HELD SRINAGAR: As the curfew in India Held Kashmir (IHK) entered on the 31st on Wednesday, life has become more miserable after the shortage of food and medicine. According to the KMS, the Kashmir Valley remains separated from the rest of the world since August 5 due to the continuous blocking and suspension of Internet, mobile and fixed telephony services and the closure of television channels.
The worst kind of humanitarian crisis is looming on the horizon of the occupied territory, as people face a severe shortage of food, medicine and other products.
Hospitals face a shortage of drug stocks, while staff have difficulty fulfilling duty due to curfew and restrictions imposed after India eliminated the special state of Jammu and Kashmir a month ago.
IHK entrepreneurs are also looking to a bleak future and commercial establishments have not yet resumed their normal activities for a full month. Merchants say that conducting routine business is impossible in the absence of mobile and internet services.
The repression has severely affected trade between the Jammu region and the Kashmir valley with manufacturers and merchants who cannot recover payments. The industries in Jammu have suffered an estimated financial loss of around Rs 500 million, as they do not receive orders and cannot recover payments from the Valley and other districts.
The restrictions have also negatively affected the tourism industry, one of the main sources of livelihood, in the occupied territory. Empty houseboats, empty hotels and desert resorts present a bleak picture of the Kashmir tourism sector.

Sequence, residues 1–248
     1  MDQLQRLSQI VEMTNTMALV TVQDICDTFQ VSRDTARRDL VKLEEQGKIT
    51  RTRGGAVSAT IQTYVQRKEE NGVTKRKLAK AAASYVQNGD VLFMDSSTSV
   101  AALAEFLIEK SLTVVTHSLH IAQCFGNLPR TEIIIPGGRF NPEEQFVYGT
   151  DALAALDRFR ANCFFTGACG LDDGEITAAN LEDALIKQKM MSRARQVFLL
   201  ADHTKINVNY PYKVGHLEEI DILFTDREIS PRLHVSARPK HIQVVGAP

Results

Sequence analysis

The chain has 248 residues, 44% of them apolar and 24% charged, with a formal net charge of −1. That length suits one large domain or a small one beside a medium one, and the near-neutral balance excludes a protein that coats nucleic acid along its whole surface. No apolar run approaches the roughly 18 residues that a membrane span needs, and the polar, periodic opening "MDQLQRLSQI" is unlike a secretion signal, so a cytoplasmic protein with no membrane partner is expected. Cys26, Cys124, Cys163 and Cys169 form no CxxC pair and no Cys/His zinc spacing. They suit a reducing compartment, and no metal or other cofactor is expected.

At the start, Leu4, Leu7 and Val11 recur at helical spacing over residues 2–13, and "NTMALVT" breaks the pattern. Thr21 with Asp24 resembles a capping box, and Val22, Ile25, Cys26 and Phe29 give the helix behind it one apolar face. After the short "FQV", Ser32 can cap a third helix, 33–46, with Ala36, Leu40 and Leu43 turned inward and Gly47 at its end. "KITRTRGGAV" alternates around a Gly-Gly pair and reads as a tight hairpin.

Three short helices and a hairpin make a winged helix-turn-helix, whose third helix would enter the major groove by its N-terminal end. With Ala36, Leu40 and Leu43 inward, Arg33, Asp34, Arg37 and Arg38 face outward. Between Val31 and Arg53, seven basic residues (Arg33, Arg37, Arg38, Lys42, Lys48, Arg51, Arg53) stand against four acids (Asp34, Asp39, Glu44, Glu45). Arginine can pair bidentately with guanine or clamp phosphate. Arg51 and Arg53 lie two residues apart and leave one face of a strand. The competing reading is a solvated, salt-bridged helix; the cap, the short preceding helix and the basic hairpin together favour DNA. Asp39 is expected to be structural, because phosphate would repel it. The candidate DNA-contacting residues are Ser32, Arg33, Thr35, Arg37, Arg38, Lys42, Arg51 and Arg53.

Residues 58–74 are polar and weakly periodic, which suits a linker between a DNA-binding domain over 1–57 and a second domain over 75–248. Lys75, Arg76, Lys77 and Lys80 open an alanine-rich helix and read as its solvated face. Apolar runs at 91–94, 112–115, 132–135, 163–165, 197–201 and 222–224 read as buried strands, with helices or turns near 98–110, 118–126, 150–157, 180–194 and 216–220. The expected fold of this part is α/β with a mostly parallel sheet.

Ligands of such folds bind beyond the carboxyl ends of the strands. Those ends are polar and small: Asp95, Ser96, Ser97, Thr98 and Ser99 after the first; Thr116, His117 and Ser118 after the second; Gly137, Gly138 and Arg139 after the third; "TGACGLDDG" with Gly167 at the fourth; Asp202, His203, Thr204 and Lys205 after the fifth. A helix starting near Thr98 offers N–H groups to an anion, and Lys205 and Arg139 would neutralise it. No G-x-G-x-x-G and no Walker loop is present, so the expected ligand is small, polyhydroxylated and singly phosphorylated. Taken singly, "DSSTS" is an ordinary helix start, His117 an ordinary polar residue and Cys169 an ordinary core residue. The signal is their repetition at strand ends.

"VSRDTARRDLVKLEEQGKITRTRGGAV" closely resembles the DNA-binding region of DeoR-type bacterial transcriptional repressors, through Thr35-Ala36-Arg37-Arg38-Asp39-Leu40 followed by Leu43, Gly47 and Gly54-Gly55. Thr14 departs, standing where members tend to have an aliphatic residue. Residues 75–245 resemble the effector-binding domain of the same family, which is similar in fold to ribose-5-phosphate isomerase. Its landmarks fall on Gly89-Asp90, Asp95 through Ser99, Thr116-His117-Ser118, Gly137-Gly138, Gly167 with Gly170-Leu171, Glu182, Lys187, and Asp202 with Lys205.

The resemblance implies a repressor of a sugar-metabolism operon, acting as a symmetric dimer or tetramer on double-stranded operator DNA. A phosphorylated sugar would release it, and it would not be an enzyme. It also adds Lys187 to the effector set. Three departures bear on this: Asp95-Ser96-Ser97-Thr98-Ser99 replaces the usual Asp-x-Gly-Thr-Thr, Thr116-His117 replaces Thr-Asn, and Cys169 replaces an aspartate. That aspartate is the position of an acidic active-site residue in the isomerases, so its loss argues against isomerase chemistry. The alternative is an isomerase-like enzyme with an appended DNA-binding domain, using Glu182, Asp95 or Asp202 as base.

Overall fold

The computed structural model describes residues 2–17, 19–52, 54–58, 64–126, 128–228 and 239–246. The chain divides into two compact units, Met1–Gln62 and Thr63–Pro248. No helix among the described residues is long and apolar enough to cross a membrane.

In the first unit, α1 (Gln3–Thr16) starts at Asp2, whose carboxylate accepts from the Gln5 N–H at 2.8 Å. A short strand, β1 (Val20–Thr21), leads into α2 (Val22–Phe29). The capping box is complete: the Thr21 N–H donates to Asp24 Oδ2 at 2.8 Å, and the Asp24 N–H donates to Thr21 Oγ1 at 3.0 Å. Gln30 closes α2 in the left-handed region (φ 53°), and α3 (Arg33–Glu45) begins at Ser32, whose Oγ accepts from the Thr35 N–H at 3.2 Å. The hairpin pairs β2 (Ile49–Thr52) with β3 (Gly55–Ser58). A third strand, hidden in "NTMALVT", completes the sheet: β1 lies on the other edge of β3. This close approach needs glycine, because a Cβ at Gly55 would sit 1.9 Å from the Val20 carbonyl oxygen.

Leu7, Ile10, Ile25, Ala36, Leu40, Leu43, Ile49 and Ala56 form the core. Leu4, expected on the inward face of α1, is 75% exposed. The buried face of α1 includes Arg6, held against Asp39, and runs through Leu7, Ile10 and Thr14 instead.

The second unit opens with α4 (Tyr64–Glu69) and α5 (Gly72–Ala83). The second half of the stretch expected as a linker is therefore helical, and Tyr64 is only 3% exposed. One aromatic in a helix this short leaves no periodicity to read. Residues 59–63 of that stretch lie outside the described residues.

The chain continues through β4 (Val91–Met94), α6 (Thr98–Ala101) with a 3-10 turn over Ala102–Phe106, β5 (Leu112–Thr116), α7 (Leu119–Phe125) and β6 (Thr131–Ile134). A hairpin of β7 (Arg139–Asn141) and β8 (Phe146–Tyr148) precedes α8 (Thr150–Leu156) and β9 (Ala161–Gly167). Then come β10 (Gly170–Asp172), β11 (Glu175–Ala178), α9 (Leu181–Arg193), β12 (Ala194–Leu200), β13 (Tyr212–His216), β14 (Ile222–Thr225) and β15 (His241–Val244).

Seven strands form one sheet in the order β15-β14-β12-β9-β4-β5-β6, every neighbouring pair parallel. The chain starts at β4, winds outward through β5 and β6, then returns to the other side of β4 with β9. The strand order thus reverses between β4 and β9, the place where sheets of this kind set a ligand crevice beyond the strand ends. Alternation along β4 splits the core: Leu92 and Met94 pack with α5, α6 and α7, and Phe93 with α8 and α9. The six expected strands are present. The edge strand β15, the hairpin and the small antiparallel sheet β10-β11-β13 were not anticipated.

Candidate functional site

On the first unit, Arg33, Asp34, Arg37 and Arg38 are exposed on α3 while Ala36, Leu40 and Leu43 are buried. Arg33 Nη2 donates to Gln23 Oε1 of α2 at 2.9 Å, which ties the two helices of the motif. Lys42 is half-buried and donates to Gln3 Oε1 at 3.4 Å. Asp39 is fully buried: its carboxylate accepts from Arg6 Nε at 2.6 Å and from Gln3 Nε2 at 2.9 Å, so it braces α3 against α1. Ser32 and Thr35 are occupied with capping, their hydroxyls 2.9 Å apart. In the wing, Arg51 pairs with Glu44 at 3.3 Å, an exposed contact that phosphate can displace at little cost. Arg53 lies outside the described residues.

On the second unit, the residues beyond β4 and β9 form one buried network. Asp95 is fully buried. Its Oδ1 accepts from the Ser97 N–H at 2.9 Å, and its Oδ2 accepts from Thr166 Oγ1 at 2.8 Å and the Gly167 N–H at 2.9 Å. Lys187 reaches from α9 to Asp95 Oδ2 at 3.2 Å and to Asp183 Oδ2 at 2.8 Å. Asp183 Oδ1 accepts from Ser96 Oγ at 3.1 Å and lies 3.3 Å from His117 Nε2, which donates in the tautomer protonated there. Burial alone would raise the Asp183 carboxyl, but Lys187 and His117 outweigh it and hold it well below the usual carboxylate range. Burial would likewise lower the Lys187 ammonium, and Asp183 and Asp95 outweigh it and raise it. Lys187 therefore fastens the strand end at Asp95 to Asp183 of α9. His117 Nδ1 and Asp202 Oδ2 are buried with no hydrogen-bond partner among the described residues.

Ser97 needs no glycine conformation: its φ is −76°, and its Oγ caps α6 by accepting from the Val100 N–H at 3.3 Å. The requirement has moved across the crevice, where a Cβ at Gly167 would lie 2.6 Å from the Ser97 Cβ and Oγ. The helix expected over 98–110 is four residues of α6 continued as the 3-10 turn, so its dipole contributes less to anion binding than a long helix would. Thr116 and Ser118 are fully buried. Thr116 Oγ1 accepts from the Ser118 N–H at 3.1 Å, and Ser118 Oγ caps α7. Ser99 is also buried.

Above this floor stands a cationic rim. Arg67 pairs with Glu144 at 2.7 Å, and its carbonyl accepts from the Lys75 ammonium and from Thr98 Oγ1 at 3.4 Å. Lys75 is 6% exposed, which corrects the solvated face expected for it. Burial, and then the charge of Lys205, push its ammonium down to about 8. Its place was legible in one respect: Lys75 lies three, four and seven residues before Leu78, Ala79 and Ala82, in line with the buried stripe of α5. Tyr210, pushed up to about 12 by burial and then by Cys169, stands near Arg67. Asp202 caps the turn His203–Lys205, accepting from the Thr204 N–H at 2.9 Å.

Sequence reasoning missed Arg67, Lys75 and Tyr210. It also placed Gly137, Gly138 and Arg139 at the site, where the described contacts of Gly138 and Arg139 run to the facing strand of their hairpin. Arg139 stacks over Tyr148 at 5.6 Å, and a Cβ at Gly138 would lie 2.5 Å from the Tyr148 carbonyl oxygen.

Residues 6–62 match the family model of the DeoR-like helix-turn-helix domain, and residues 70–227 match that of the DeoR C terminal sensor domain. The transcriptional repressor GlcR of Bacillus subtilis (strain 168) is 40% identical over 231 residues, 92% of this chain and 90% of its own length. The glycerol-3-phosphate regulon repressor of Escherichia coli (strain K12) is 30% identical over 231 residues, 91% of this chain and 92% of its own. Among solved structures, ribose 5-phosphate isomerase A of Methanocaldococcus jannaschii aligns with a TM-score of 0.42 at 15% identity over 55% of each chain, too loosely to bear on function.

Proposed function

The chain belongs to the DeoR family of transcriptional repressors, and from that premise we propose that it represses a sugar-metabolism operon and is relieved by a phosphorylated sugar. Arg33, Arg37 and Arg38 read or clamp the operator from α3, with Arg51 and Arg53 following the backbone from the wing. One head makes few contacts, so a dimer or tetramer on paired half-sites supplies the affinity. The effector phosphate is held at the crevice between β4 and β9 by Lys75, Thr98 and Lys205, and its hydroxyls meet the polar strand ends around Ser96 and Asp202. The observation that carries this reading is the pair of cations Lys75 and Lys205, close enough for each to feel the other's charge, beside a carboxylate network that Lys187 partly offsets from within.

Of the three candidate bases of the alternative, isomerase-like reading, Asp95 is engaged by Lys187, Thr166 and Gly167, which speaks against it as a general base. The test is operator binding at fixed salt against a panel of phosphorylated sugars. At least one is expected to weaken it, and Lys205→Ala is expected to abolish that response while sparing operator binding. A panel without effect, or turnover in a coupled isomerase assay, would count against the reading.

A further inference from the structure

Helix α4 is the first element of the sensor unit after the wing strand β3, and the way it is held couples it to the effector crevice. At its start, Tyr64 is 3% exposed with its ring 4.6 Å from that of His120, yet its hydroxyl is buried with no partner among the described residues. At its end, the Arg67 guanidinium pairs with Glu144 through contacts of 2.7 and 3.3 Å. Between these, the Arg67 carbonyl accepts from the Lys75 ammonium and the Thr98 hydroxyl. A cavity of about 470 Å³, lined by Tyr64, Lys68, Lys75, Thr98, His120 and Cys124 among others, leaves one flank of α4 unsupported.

However, Tourism Department officials said the department has no record of tourist arrivals in August. Given that there is almost no scope of tourism in the territory, air fares for traveling in and out of Kashmir continue to register a drastic decline. The price of private tickets to travel in and out of Kashmir has registered a record drop in the last month since article 370 was repealed and restrictions were imposed.
Air tickets are currently priced at Rs 1,800 to travel from New Delhi to Kashmir.
Indian police forces have already begun trial versions of the use of drones for surveillance. Drones have been tested in some areas of Srinagar in the first phase and are also being used in other districts to view activities and capture photos and videos of people participating in the protests.
“All these videos are stored in a central database and the same information is used for references and strategies to address activities in favor of freedom,” said a senior official on condition of anonymity.